Natural infection of the ground squirrel (Spermophilus spp.) with Echinococcus granulosus in China

Yang, Yu Rong, Liu, Tianxi, Bai, Xueli, Boufana, Belgees, Craig, Philip S., Nakao, Minoru, Ito, Akira, Zhang, Jan Zhong, Giraudoux, Patrick and McManus, Donald P. (2009) Natural infection of the ground squirrel (Spermophilus spp.) with Echinococcus granulosus in China. PLoS Neglected Tropical Diseases, 3 9: Article number e518. doi:10.1371/journal.pntd.0000518

Author Yang, Yu Rong
Liu, Tianxi
Bai, Xueli
Boufana, Belgees
Craig, Philip S.
Nakao, Minoru
Ito, Akira
Zhang, Jan Zhong
Giraudoux, Patrick
McManus, Donald P.
Title Natural infection of the ground squirrel (Spermophilus spp.) with Echinococcus granulosus in China
Formatted title
Natural Infection of the Ground Squirrel (Spermophilus spp.) with Echinococcus granulosus in China
Journal name PLoS Neglected Tropical Diseases   Check publisher's open access policy
ISSN 1935-2727
Publication date 2009-09
Year available 2009
Sub-type Article (original research)
DOI 10.1371/journal.pntd.0000518
Open Access Status DOI
Volume 3
Issue 9
Start page Article number e518
Total pages 4
Editor Peter Hotez
Place of publication San Francisco, CA, United States
Publisher Public Library of Science
Collection year 2010
Language eng
Subject 9204 Public Health (excl. Specific Population Health)
1117 Public Health and Health Services
Formatted abstract
Echinococcus granulosus is usually transmitted between canid definitive hosts and ungulate intermediate hosts.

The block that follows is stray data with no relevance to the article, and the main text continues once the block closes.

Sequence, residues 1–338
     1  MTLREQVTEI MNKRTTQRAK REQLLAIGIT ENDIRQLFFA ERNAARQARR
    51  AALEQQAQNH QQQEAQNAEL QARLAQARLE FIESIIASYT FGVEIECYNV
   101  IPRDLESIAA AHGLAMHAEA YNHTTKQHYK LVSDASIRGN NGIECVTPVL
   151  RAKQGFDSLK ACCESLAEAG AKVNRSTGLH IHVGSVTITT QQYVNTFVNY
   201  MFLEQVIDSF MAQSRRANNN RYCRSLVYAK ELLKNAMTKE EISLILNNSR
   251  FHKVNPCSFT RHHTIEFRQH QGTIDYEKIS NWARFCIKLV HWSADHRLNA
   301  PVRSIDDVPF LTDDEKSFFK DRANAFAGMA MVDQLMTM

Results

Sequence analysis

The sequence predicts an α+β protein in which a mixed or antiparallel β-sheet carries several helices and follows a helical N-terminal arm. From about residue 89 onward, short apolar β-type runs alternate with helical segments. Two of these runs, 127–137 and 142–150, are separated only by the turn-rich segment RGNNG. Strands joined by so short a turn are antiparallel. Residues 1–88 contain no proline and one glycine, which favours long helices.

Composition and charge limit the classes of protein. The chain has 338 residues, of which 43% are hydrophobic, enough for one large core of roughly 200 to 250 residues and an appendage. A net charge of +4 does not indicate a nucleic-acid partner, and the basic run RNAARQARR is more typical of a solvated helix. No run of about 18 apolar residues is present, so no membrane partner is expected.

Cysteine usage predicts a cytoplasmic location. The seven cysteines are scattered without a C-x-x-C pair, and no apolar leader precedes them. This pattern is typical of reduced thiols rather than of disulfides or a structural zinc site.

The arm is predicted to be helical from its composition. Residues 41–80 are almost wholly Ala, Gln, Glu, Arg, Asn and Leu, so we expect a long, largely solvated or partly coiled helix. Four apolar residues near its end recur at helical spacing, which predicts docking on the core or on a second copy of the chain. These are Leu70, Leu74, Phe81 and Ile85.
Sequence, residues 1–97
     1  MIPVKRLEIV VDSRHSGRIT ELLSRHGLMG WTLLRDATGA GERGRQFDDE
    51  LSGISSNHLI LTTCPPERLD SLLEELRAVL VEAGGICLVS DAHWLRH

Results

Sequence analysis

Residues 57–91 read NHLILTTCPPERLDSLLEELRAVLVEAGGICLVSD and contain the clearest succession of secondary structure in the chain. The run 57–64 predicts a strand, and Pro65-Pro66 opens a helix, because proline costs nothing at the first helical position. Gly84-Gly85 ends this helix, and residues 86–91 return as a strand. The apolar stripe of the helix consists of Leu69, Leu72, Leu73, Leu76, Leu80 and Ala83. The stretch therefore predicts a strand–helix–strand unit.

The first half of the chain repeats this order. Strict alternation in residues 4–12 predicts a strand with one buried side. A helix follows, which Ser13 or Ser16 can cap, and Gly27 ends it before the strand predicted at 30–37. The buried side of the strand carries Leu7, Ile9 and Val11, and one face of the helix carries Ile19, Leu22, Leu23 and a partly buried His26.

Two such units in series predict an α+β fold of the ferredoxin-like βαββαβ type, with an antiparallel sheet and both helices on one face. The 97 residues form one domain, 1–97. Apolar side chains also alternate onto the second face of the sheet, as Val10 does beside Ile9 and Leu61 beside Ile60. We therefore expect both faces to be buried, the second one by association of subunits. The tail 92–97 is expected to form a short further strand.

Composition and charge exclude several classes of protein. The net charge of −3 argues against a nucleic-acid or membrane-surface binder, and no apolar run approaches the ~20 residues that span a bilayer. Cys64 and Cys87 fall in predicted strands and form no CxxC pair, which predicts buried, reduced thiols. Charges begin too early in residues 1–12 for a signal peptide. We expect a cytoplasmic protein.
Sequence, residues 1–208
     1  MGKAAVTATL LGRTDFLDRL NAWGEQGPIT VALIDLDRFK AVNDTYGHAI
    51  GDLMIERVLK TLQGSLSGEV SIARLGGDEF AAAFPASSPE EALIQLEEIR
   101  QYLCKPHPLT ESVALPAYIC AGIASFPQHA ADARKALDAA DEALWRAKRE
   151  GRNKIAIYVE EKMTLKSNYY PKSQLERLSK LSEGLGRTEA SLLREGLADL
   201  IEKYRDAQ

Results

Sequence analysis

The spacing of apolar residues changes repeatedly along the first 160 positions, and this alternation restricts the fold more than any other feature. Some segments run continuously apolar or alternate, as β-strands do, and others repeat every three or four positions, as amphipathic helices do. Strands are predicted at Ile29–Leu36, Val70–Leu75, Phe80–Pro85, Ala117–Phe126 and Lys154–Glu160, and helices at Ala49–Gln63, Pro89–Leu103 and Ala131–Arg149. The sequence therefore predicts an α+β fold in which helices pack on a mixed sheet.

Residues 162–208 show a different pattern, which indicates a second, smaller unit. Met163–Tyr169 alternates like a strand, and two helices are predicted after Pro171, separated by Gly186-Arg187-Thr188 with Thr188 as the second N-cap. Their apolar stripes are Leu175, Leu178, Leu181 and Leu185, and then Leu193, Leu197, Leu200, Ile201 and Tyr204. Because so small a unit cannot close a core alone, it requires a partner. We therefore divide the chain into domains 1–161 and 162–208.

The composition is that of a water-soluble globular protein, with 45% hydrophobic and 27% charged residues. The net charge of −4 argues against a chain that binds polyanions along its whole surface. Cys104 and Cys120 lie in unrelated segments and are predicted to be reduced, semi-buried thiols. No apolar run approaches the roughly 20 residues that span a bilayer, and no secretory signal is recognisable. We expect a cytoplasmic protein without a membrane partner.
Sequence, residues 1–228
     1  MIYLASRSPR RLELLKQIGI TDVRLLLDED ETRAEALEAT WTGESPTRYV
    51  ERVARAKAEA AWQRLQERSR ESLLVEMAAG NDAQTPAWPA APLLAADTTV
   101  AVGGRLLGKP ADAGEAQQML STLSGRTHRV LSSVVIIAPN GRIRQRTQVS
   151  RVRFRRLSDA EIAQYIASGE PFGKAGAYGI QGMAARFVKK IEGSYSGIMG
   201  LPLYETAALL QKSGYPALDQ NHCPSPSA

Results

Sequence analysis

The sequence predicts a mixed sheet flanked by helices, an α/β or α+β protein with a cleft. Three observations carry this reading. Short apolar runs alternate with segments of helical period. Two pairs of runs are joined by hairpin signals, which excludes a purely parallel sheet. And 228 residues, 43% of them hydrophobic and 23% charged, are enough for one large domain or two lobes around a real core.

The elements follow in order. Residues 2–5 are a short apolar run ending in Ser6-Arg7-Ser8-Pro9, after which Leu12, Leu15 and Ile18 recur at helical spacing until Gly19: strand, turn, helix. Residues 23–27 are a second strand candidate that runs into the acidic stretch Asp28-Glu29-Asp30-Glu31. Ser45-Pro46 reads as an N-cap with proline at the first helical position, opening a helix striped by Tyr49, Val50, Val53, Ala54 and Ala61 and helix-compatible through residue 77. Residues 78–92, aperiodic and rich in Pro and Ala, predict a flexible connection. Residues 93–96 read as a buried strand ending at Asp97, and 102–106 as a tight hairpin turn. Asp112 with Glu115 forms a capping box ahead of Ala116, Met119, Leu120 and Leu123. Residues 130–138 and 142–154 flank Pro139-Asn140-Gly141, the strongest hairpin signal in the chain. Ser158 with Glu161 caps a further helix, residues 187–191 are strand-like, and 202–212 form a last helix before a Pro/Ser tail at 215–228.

Methodology/Principal Findings:
Lesions found in the livers of ground squirrels, Spermophilus dauricus/alashanicus, trapped in Ningxia Hui Autonomous Region, an area in China co-endemic for both E. granulosus and E. multilocularis, were subjected to molecular genotyping for Echinococcus spp. DNA. One of the lesions was shown to be caused by E. granulosus and subsequently by histology to contain viable protoscoleces.

This is the first report of a natural infection of the ground squirrel with E. granulosus. This does not provide definitive proof of a cycle involving ground squirrels and dogs or foxes, but it is clear that there is active E. granulosus transmission occurring in this area, despite a recent past decline in the dog population in southern Ningxia.
Keyword Tibet plateau region
Fox vulpes-vulpes
Cystic echinococcosis
Alveolar echinococcosis
Q-Index Code C1
Q-Index Status Confirmed Code
Institutional Status UQ

Document type: Journal Article
Sub-type: Article (original research)
Collections: 2010 Higher Education Research Data Collection
School of Public Health Publications
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Citation counts: TR Web of Science Citation Count  Cited 6 times in Thomson Reuters Web of Science Article | Citations
Scopus Citation Count Cited 7 times in Scopus Article | Citations
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Created: Thu, 12 Nov 2009, 11:56:57 EST by Mr Andrew Martlew on behalf of School of Public Health